Richard III has this drive for revenge in spades and I believe it manifests itself as a particularly terrible form of toxic masculinity. Richard definitely wants the crown to make up for his lack of ‘natural affection,’ but he is also especially malevolent towards women.
I, that am rudely stamp’d, and want love’s majesty
To strut before a wanton ambling nymph;
And therefore, since I cannot prove a lover,
To entertain these fair well-spoken days,
I am determined to prove a villain
And hate the idle pleasures of these days
Seeing a woman play this kind of misogynist dialogue forces the audience to take it out of context and question Richard’s point of view. We see casual misogyny every day, and seeing a woman deliver it is quite illuminating.
Richard’s deformity and Blackness
Another provocative choice by Danai Gurira’s portrayal of Richard is the fact that she plays the role of Richard without the hump or withered arm. She herself explains that for her production, Richard’s perceived deformity, is actually represented by her being a black woman:
He’s dealing with the otherness compared to his family, in terms of not being Caucasian and fair like them.” The word ‘fair’, is used a lot in the play.
Shakespeare writes Richard as constantly striving to compensate for his deformities by being clever, violent, and eventually, by becoming king. As I wrote before in my review of Othello, for centuries black people have been portrayed as inferior; aberrations of the ‘ideal fair-skinned form’. So, to the Elizabethans, blackness itself was a form of deformity, and the rawness of addressing this uncomfortable fact in this production should be commended.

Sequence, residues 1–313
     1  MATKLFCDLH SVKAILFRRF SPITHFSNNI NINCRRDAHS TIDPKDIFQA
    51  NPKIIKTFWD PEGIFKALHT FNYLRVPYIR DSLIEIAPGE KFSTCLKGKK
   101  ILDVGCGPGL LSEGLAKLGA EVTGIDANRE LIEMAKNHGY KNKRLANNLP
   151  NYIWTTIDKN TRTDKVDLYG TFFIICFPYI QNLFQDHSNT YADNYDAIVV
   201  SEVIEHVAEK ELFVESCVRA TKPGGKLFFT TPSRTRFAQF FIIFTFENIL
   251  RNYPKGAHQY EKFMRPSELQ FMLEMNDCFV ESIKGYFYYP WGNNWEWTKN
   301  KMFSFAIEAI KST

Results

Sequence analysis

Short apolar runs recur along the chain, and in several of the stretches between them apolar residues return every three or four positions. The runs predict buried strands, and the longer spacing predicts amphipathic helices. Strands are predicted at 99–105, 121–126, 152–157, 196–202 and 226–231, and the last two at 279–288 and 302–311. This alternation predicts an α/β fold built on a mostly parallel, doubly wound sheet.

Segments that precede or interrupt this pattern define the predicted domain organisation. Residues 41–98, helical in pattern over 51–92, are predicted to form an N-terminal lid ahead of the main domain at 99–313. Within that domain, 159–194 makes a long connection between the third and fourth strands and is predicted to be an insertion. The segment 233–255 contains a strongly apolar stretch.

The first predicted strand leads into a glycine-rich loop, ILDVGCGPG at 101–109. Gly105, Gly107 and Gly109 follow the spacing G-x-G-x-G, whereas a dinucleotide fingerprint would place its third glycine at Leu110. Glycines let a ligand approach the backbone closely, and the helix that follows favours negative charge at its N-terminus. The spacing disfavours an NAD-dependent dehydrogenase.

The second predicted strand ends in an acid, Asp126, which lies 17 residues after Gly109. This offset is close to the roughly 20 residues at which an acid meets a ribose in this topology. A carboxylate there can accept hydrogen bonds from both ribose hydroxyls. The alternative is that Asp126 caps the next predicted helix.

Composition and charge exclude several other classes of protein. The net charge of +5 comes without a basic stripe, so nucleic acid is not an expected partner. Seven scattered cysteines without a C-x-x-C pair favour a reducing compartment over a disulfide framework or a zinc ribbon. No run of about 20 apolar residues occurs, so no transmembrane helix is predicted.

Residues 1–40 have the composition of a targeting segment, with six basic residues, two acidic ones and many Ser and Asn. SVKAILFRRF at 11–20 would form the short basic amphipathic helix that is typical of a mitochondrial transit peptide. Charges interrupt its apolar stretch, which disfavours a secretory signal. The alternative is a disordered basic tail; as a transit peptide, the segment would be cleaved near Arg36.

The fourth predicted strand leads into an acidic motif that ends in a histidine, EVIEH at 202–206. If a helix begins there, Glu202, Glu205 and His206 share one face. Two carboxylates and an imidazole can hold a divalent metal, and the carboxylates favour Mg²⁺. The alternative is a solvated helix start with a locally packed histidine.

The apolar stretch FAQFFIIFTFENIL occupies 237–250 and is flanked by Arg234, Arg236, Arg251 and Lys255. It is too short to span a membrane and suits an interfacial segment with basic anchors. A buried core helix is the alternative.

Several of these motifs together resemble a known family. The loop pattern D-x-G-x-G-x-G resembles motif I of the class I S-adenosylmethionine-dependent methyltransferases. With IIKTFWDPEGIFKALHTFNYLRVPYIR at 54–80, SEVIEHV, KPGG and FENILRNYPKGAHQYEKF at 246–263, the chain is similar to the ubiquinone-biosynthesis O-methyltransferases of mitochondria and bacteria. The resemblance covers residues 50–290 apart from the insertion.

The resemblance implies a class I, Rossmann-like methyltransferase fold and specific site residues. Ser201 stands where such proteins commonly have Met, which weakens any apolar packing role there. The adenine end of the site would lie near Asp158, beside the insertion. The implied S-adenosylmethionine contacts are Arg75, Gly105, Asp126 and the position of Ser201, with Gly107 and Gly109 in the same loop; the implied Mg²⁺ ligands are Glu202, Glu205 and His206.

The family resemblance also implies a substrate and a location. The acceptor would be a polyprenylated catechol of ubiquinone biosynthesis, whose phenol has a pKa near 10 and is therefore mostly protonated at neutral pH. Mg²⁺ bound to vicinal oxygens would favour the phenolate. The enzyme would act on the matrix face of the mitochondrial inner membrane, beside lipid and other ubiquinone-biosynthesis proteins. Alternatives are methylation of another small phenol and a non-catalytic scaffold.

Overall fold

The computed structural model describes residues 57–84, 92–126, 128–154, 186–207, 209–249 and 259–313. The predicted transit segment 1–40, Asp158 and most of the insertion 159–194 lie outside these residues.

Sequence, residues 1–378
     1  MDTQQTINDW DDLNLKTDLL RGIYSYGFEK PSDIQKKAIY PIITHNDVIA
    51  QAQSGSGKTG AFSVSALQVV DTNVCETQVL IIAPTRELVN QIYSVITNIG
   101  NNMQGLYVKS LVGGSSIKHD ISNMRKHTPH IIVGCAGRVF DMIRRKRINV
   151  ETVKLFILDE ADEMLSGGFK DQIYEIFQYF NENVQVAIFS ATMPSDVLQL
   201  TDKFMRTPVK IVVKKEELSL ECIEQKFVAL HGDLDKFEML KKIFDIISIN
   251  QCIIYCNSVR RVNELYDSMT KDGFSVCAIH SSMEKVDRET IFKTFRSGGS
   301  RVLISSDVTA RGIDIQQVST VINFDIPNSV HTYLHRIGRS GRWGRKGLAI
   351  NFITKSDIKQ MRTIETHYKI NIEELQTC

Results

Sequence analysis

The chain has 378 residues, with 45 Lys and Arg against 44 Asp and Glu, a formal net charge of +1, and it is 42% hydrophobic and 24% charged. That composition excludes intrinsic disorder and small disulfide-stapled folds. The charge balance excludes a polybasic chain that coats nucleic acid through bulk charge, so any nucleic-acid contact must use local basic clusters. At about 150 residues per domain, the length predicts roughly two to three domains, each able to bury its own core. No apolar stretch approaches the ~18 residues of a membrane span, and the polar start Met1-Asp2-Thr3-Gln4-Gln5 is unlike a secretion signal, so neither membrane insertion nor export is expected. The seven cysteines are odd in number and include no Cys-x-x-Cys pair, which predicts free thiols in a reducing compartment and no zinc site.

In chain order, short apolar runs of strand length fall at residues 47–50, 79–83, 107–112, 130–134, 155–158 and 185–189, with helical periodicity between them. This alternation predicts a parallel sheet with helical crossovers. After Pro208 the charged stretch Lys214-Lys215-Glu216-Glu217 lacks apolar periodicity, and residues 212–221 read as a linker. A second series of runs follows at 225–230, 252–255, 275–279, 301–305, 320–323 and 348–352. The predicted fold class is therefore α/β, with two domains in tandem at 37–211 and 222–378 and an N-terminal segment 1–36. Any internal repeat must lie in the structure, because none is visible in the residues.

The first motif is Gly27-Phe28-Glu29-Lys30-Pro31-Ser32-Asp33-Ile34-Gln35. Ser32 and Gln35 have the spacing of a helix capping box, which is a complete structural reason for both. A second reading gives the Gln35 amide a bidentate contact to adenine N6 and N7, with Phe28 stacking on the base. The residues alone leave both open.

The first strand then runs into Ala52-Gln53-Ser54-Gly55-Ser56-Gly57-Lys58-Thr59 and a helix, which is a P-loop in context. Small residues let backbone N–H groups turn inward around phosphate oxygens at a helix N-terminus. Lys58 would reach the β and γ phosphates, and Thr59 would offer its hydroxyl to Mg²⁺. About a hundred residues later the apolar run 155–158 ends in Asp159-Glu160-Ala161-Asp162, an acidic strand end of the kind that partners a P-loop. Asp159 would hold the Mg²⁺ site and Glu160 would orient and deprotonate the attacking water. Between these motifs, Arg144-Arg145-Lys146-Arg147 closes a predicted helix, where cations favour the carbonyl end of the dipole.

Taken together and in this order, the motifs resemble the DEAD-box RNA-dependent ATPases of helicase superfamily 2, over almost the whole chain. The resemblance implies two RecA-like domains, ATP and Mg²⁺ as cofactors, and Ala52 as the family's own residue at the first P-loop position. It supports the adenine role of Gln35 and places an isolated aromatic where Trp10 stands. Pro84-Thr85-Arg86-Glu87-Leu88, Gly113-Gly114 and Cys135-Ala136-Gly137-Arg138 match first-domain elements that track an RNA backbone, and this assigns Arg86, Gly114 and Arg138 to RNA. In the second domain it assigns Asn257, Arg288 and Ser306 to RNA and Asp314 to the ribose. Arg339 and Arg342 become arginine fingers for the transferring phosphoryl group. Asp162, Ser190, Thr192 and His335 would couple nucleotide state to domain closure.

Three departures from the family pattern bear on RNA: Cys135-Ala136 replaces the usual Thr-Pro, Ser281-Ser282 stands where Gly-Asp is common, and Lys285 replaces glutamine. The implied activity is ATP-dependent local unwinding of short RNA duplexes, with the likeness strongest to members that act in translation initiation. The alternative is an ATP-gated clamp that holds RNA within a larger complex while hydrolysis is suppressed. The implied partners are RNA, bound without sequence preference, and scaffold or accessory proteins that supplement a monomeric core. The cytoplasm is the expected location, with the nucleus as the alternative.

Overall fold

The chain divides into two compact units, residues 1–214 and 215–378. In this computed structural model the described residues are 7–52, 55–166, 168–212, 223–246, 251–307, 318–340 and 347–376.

English people are already trained—and we have scholars like Anthony Barthelemy has talked about this in his book Black Face, Maligned Race, where the image of blackness, as associated with sin, with the devil, all of these things, makes it quite easy to map onto then Black people these kinds of characteristics. Then, those kinds of characteristics allow for the argument that these people are fit to be enslaved. – Dr. Ambereen Dadabhoy, Race and Blackness in Elizabethan England Shakespeare Unlimited: Episode 168
So while I can’t speak to the production’s acting or staging, I will emphatically defend the notion that this production’s concept is valid. Richard III is an example of toxic masculinity through his self-hatred, violence, misogyny, and narcissism. In addition, as I’ve written before, in the Early Modern Period, blackness was considered an aberration or deformity, and seeing it in the person of Richard, with the implicit understanding that black people still face this kind of prejudice today, opens a much-needed dialogue that any production of Shakespeare shouldn’t be afraid to open.
In short, by re-contextualizing Richard’s deformity and disabilities, this production gets to the heart of the play’s moral for our times. The early modern period’s toxic attitudes towards deformity and disability created the Renaissance monster of Richard III. We in the 21st century must examine our own societal prejudices and toxic attitudes so this monster does not come to haunt us in real life.